Acute Flaccid Myelitis (AFM) (Acute Flaccid Paralysis) - Minnesota Dept. of Health

Acute Flaccid Myelitis (AFM)

Acute flaccid myelitis (AFM) is a rare but serious condition. Minnesota typically sees at most one case of AFM per year.

In the fall of 2018, we saw an increase in reported cases of AFM in Minnesota children. There was also an increase of cases nationally. We work closely with health care providers and the Centers for Disease Control (CDC) to gather information on cases.

AFM cases in 2018 confirmed by CDC: 11
As of April 29, 2019. Additional cases may be under review.

MDH Media Statement: Statement on cases of acute flaccid myelitis
Oct. 5, 2018

Parents

Acute flaccid myelitis (AFM) is a rare but serious condition that affects the nervous system, causing muscles to weaken. AFM can be caused by a variety of germs (including viruses), environmental factors and genetics.

Symptoms

Symptoms of AFM sometimes follow a viral illness and can include:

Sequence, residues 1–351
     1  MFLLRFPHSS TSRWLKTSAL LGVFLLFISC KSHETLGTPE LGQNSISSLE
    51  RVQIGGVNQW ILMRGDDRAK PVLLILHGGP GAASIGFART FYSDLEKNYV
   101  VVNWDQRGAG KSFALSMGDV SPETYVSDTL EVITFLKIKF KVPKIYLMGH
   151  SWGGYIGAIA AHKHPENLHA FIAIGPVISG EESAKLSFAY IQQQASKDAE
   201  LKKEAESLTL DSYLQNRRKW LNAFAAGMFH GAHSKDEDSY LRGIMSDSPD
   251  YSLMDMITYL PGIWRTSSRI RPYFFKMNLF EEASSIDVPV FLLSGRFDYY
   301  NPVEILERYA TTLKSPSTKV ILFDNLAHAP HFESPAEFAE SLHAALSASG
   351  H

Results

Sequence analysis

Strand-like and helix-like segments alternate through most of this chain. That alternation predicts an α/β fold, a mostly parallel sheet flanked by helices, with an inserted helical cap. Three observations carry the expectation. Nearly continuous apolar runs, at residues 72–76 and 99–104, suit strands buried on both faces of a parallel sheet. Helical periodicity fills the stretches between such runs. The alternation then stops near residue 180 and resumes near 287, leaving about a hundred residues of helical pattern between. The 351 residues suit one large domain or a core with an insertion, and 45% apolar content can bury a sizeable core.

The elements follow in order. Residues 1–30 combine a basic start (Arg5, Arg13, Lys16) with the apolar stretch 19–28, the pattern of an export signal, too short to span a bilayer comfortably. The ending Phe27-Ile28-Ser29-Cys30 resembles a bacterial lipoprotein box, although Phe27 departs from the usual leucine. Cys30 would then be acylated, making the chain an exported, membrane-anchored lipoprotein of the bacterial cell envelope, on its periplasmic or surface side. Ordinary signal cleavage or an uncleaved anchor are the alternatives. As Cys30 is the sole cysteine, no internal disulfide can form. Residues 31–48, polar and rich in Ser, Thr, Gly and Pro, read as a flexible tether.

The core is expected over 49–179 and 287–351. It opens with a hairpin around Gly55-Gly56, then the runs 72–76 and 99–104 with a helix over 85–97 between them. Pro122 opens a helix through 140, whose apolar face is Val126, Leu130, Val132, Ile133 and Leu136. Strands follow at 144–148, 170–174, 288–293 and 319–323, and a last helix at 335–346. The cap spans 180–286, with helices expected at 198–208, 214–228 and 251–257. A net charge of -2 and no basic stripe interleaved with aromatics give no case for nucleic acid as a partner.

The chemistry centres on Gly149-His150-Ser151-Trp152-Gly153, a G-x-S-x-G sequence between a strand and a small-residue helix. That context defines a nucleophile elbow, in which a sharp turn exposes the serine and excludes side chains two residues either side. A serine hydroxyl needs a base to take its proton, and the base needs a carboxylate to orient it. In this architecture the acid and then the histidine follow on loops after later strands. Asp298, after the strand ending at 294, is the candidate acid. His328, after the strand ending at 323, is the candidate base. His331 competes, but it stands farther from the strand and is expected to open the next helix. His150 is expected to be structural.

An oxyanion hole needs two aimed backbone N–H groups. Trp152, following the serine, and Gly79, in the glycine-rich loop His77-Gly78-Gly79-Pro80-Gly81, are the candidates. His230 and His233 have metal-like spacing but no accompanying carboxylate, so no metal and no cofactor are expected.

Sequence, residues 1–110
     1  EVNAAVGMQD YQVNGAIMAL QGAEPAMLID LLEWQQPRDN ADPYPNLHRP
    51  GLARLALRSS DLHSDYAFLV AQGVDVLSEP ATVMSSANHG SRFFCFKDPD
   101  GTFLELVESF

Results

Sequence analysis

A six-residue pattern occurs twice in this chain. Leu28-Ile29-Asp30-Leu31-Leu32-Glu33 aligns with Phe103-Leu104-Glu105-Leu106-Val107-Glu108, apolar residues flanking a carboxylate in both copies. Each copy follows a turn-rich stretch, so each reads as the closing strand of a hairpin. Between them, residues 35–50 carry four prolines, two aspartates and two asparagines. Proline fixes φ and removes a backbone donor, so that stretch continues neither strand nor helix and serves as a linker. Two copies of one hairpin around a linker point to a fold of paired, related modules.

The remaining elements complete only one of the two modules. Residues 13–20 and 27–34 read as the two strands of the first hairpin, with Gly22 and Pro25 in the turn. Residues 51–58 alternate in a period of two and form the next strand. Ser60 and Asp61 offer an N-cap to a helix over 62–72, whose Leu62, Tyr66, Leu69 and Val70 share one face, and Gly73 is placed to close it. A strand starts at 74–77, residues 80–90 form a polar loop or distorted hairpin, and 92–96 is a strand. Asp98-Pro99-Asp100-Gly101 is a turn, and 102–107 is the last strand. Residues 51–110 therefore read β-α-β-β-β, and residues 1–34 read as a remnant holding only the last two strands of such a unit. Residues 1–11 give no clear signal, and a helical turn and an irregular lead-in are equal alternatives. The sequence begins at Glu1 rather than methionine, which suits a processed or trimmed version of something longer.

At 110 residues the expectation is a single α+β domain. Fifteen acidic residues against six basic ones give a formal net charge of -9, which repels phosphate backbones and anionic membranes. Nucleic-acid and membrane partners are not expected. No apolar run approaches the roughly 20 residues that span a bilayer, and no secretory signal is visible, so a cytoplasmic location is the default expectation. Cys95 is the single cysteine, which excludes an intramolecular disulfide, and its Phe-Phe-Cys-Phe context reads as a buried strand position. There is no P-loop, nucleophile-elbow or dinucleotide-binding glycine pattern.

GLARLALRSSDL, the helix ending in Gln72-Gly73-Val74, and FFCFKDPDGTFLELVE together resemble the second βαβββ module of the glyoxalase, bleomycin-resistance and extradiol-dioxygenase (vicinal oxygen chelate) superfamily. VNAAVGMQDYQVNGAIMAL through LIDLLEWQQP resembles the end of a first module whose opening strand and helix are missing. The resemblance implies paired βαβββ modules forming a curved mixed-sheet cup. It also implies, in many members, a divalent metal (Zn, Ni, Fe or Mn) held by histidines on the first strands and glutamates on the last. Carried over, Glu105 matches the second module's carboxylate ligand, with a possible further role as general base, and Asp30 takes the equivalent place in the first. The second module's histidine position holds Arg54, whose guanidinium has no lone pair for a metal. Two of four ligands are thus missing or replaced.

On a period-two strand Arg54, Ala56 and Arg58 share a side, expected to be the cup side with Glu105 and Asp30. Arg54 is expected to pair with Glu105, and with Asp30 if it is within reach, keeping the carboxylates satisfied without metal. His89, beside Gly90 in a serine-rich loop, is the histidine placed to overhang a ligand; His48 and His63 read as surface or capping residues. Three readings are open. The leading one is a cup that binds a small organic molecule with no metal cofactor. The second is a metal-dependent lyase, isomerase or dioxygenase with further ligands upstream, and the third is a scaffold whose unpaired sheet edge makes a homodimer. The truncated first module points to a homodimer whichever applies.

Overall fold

• Sudden muscle weakness in the arms or legs
  • Neck weakness
  • Some other symptoms that patients may have include drooping eyelids or a facial droop, and difficulty swallowing or slurred speech.

Contact your health care provider as soon as possible if you notice any of these symptoms in your child, for example if your child is not using their arm or leg normally.

What you can do

Take these basic steps to help keep you and your family healthy:

  • Wash hands frequently to limit exposure to germs
  • Cover coughs or sneezes
  • Stay home when sick
  • Make sure you and your family are up to date on vaccinations
  • Take steps to prevent mosquito bites

More information on AFM

Health Care Providers

Updated Monday, 29-Apr-2019 16:07:01 CDT